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What is the public opinion of the government/competing governmental parties?

Written by Liberty Siegle.

Note: I am studying abroad in Irkutsk, a Siberian city close to Mongolia. I am over 3,000 miles from Moscow, so bear in mind that my experience here varies dramatically from what a student in western Russia experiences.

The majority of Russian people like Putin and his party (80% approval), and while it would be easy to just accept this fact and move on, the reason why Putin is so popular demands explanation.

Russia has a multi-party system with United Russia, the largest and current ruling party, claiming over half the seats in the Duma. Older people overwhelmingly support Putin and United Russia. Younger people are generally more liberal, but seldom hold strong opinions about the government. Compared to  adults, the young are more willing to admit they are indifferent about politics, and some brave ones admit to really not knowing or understanding politics. While I rarely beat a Russian in bringing up the topic of government, when asked their opinion after sharing mine, which I try to give as diplomatically and mildly as possible, I often get a short response in support of Putin with vague responses like “Putin is a strong president” or “who else is there?”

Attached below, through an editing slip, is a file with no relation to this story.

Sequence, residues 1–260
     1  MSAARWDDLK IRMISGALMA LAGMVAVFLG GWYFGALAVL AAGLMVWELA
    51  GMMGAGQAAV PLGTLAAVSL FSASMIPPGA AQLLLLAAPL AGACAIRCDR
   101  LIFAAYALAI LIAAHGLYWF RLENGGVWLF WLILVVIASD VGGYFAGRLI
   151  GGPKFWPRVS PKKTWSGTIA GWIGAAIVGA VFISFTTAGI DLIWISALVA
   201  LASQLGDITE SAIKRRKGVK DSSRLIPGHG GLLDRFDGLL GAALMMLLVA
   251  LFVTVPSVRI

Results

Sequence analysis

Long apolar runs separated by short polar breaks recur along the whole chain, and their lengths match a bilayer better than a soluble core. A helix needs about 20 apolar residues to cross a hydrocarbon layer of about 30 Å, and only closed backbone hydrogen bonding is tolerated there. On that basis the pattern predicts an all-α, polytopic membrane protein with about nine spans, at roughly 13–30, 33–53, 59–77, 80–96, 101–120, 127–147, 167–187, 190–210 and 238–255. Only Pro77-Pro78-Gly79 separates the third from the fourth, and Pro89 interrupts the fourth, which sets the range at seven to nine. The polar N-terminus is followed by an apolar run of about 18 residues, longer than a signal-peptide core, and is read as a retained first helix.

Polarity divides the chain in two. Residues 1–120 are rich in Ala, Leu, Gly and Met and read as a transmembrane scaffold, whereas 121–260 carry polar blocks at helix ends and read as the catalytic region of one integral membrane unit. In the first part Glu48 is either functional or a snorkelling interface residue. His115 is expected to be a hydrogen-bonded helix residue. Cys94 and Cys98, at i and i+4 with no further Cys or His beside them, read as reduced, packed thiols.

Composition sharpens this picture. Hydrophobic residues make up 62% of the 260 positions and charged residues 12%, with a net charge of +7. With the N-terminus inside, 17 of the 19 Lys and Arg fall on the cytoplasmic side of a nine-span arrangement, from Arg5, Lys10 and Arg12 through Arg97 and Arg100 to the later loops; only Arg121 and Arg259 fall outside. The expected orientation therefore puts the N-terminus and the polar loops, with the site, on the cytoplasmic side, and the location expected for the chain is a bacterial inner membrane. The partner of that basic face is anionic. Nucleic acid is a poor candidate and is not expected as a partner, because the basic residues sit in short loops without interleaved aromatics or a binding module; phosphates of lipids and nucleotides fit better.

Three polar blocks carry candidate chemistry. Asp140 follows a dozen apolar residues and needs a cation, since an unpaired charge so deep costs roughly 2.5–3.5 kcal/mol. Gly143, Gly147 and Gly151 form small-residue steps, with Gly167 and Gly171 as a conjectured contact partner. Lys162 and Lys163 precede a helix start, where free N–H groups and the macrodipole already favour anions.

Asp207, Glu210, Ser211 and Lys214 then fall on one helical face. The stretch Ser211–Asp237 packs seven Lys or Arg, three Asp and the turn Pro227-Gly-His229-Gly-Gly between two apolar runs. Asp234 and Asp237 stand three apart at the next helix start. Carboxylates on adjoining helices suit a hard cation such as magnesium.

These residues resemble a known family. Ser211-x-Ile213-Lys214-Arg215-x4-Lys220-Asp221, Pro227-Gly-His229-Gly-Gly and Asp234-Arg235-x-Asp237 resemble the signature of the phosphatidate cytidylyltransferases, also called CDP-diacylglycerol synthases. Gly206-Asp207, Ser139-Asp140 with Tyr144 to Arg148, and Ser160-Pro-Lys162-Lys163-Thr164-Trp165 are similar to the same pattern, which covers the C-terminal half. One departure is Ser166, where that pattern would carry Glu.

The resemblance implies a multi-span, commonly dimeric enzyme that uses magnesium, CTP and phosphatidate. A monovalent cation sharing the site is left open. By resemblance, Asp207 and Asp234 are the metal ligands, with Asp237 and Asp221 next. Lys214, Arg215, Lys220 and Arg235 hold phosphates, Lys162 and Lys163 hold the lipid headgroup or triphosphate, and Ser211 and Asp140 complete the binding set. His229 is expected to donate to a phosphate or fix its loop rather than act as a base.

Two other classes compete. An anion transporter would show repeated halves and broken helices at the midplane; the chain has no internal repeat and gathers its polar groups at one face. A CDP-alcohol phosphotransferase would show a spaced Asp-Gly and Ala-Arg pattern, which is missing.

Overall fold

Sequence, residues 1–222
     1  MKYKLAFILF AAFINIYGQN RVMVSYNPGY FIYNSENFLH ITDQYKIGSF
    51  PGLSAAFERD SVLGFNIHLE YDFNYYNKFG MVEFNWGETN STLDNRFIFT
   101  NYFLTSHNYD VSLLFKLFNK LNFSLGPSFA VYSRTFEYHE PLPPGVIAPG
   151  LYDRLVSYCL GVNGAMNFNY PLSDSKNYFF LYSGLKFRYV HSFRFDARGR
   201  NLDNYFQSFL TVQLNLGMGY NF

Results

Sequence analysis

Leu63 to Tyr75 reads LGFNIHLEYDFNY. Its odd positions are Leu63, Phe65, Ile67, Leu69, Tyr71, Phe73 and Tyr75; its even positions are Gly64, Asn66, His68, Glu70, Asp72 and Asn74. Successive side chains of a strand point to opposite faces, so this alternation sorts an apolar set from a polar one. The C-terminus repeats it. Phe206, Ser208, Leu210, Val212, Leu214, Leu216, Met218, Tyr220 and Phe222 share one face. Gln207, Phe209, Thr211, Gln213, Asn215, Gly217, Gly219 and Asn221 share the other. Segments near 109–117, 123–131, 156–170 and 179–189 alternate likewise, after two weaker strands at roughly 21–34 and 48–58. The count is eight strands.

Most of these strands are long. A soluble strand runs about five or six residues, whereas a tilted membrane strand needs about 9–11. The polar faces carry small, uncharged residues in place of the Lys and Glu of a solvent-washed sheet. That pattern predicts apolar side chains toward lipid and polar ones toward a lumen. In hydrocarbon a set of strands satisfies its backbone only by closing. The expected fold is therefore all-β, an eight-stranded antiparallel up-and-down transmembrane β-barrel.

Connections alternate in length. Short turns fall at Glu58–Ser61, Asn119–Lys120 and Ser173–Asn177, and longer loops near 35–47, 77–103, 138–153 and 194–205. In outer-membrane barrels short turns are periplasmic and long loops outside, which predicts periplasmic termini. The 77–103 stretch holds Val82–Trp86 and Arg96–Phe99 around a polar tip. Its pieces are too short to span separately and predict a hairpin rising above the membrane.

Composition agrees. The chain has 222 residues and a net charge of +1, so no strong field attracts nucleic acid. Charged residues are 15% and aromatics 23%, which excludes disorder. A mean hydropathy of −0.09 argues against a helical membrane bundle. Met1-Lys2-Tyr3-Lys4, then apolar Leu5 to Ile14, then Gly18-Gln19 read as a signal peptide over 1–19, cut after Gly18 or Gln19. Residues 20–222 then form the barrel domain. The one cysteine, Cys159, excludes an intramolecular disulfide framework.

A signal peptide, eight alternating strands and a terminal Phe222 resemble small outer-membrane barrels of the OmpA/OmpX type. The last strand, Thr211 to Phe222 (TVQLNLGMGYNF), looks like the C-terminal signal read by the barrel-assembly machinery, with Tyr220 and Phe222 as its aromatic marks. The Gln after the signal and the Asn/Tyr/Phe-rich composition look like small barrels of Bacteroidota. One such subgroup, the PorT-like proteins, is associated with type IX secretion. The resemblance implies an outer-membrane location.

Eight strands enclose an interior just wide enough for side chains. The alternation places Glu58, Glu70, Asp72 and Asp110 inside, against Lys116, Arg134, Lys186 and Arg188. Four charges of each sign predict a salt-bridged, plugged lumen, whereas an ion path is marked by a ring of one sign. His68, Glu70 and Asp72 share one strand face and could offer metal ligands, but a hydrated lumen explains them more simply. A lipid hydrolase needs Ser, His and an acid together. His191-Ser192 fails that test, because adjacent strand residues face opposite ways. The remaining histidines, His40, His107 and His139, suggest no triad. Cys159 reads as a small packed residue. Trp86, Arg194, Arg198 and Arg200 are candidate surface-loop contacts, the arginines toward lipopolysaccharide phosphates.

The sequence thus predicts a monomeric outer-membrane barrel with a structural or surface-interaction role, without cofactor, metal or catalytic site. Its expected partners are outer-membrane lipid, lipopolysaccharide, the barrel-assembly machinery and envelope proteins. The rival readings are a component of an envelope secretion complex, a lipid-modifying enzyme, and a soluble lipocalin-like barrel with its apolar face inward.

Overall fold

The vagueness and brevity of these answers dissatisfy me. I don’t understand why people are so eager to ask me my opinions, then withdraw when sharing theirs. But research and reflection makes it clear that the “who else is there?” argument carries much more weight than I initially thought.

There are two main barriers here. (1) Russians want to talk politics, and they are opinionated, but the news here is state controlled and not easy to access. The most readily available news here is suspect in its reliability and objectivity. In fact, Russian news sources spread anti-Americanism by rebroadcasting FOX news reports, even taking FOX’s worst moments out of context to make Americans look that much worse! I see few newspapers, and when I do they are more commonly used as toilet seat covers than as reading material. Few Russians have quality internet access in their homes, so the internet isn’t as popular a news source as it is elsewhere. And frankly, many people here are too apathetic to seek alternate news sources. (2) Those who loudly oppose Putin and/or gain a following end up dead or imprisoned. In February Boris Nemtsov was shot dead near the Kremlin and not surprisingly, most Russians I have talked to about this either don’t know that it happened, don’t even know who Nemtsov was, or believe Putin’s claim that it was “the West” that assassinated Nemstov to make him look bad.

Between the lack of quality, accessible news and the arrest or murder of political opponents, the “who else is there?” answer demonstrates the state’s success in keeping it’s people in the dark about politics.

Bottom line—Russians like their Putin and in a multi-party system where one party has over a 50 percent backing, there is little chance for change, especially when any opposition uprisings are literally shot down.

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